Cannabis trade worse than that of Class A drugs, senior police officer warns
PUBLISHED September 11, 2012
Assistant Chief Constable Andy Ward of Merseyside Police said hardened criminals were taking advantage of more lenient penalties for cannabis dealing compared to drugs such as ecstasy, cocaine and heroin.
He warned that there had been an "explosion" in cannabis production and said it was now causing more problems for the police than the trade in some Class A narcotics.
The North West region in particular has already seen the consequences of a rise in tension between criminal gangs, with a surge in the number of shootings in recent months.
Mr Ward, who chairs the North West Regional Organised Crime Unit, said gangs were attracted to the lucrative cannabis market because they saw it as less risky both in terms of getting caught and also the punishments they might receive if convicted.
But he said the violence that accompanied the drug trade was just as extreme, with criminals willing to wound and kill in order to protect their corner of the market.
Seizures of cannabis in recent years have risen steadily in some areas, with one recent operation involving six forces resulting in a haul of the drug with a street value of almost £9 million.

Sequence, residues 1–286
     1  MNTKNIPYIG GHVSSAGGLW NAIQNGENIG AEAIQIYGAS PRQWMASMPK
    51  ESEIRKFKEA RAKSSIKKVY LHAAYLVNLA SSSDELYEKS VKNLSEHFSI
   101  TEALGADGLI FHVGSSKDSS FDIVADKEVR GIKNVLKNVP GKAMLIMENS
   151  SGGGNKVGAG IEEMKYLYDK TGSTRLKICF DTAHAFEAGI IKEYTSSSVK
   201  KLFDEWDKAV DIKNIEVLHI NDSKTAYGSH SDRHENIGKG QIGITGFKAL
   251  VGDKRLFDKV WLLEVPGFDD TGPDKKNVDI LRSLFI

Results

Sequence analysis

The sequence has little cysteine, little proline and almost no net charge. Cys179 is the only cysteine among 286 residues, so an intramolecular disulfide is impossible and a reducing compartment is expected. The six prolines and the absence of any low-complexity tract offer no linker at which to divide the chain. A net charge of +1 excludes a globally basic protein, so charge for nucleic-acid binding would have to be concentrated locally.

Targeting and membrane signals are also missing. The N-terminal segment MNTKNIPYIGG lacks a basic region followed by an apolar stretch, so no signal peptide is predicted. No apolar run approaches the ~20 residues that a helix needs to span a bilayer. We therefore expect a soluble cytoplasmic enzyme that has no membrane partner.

Criminal gangs are also recruiting cannabis "farmers" who grow the drug in large quantities, in carefully controlled conditions.
Some of those involved use sophisticated "hydroponic" growing systems to increase the yield and the strength of the drug.
But the equipment is relatively cheap compared to the potential profits and factories can easily be set up in converted lofts or garages.
Over the past three years more than 5,000 cannabis factories containing almost 350,000 plants have been identified by police in the North West alone.
Police have seized drugs with a value thought to be in excess of £500 million, but many hundreds of millions of pounds worth of cannabis is believed to be finding its way onto the streets undetected.
Mr Ward said: "There has been an explosion in the market for cannabis. Unlike class A drugs, which the criminals can't make themselves, there is the opportunity to grow cannabis in the bathrooms or bedrooms of houses. They can make a lot of money very quickly at less risk [to themselves] and less risk in terms of sentencing.
"Criminals who have previously been involved in something else are drifting into the cannabis world … The amount of money being made by criminals should be reflected in the sentencing."
Mr Ward, who also heads up Merseyside's Matrix Unit, which was set up to combat drug and crime, said there was a clear link between shootings and the cannabis trade.
He said: "A lot of these shootings are linked to activity around cannabis. We are seeing big increases in cannabis production on Merseyside. Individual groups are fighting turf wars … We have huge issues around cannabis."
While sentencing guidelines allow for heavy penalties for the growth and sale of cannabis, in practice, sentences are often much more lenient than those involved in the production of Class A narcotics.
Mr Ward has warned that the current punishments are not providing enough of a deterrent to stop the trade becoming even more widespread.